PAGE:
Daughters of Absence: Transforming a Legacy of Loss (Capital Discoveries)
AbeBooks Seller Since June 11, 1997Quantity Available: 1
AbeBooks Seller Since June 11, 1997Quantity Available: 1
About this Item
Title: Daughters of Absence: Transforming a Legacy ...
Publisher: Capital Books (VA)
Publication Date: 2002
About this title
Now in paperback - the book that Susan Tumarkin Goodman of the Jewish Museum New York praised: "Mindy Weisel and the other daughters of Holocaust survivors have provided us with extraordinary insights. "The solemn beauty of their sagas and the triumph over the past is a gift to their parents, who survived and rebuilt their lives, and to those millions who did not." Peter Novick, author of The Holocaust in America, professor of history at The University of Chicago, described it as: "Each in her own genre, these ‘daughters of absence’ trace - with great skill, great courage, and great candor - their journey from a ghost-ridden past to a fulfilling present."From the Author:
A Synopsis of Each Chapter:
"Memorial Candles" (Preface) - Acclaimed visual artist Mindy Weisel, who also served as editor of this anthology, describes the unique pressures associated with being the daughter of a Holocaust survivor. The child is a "memorial candle," the link in the family among past, present, and future. "Transforming a Legacy of Loss" (Introduction) - Social psychologist and psychotherapist Eva Fogelman, Ph.D., discusses the process of transforming a "legacy of loss" into something meaningful, including the writing, art, film, performance, photographs, music, and creative Jewish lifestyle of the contributors.
"Normal" - Author Helen Epstein (Children of the Holocaust, Where She Came From) takes the reader with her through the anxiety and experience of her first trip to Germany as a successful author, where she learns from the local media that "Jews are news."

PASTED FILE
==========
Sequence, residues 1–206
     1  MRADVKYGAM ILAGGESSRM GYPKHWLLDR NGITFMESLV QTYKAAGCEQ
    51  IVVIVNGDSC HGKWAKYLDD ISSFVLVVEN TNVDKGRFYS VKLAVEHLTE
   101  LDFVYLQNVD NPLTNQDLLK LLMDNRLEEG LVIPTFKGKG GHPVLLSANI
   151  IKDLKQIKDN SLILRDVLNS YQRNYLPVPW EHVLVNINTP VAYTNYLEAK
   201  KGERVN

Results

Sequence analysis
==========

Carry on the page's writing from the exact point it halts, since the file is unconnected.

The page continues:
"My Life in Music" - Master musician Patinka Kopec (co-founding faculty member of the Perlman Music Program with Itzhak Perlman, and program coordinator of the Pinchas Zukerman Performance Program at the Manhattan School of Music) shares her story of becoming a musician and of her attempt to fill her family's life with music.
"Journey to the Planet of Death" - Hadassah Lieberman (wife of Senator Joe Lieberman) describes what it was like to be part of the American delegation to the fiftieth anniversary of the liberation of Auschwitz.
"It Isn't Easy Being Happy" - Kim Masters (contributing editor to Vanity Fair, former reporter for the Washington Post and Time) tells the story of a trip with her parents to their hometowns in Czechoslovakia, some fifty years after her grandparents put her mother on the Kindertransport, a childrens' refugee train out of the country.
"Kicking and Weeping" - Comedienne and playwright Deb Filler uses humor to master tragedy on a trip with her father to the forest where his parents and 800 other Jews were massacred, and to his old barracks in Birkenau.
"Traces Along a Broken Line" - Photographer Vera Loeffler captures loss, love, and longing in a beautiful photo essay.
"Keeping the Family Name Alive" - Filmmaker Aviva Kempner (Partisans of Vilna, The Life and Times of Hank Greenberg) tells what drove her to explore the Holocaust in her films, despite her mother's objections.
"Family Mythology" - Sylvia Goldberg, who works in tourism as a professional bilingual Hebrew guide, stumbles upon a map at the Goethe Institute in Washington, D.C., which prompts her to begin a search for long-lost relatives in Munich.
"Starting Over" - Rosie Weisel, a graphic artist living on Kibbutz Saad, shares excerpts from her diary of coming to terms with her personal history.
"A Hat of Glass" - Nava Semel, one of Israel's finest contemporary writers and winner of the National Jewish Book Award for Becoming Gershona, provides an account of life in the Zittau labor camp in this start and gripping work of fiction.
"Fragments and Whispers" - A selection of moving and powerful poetry by writer and poet Miriam Morsel Nathan.
"Letting Myself Feel Lucky" - Lily Brett, the only person to have won Australia's highest awards for fiction and poetry, describes her family's journey, beginning with the loss of relatives in the Lodz ghetto and in Auschwitz, up to the present - a time when she can finally allow herself to "feel lucky."
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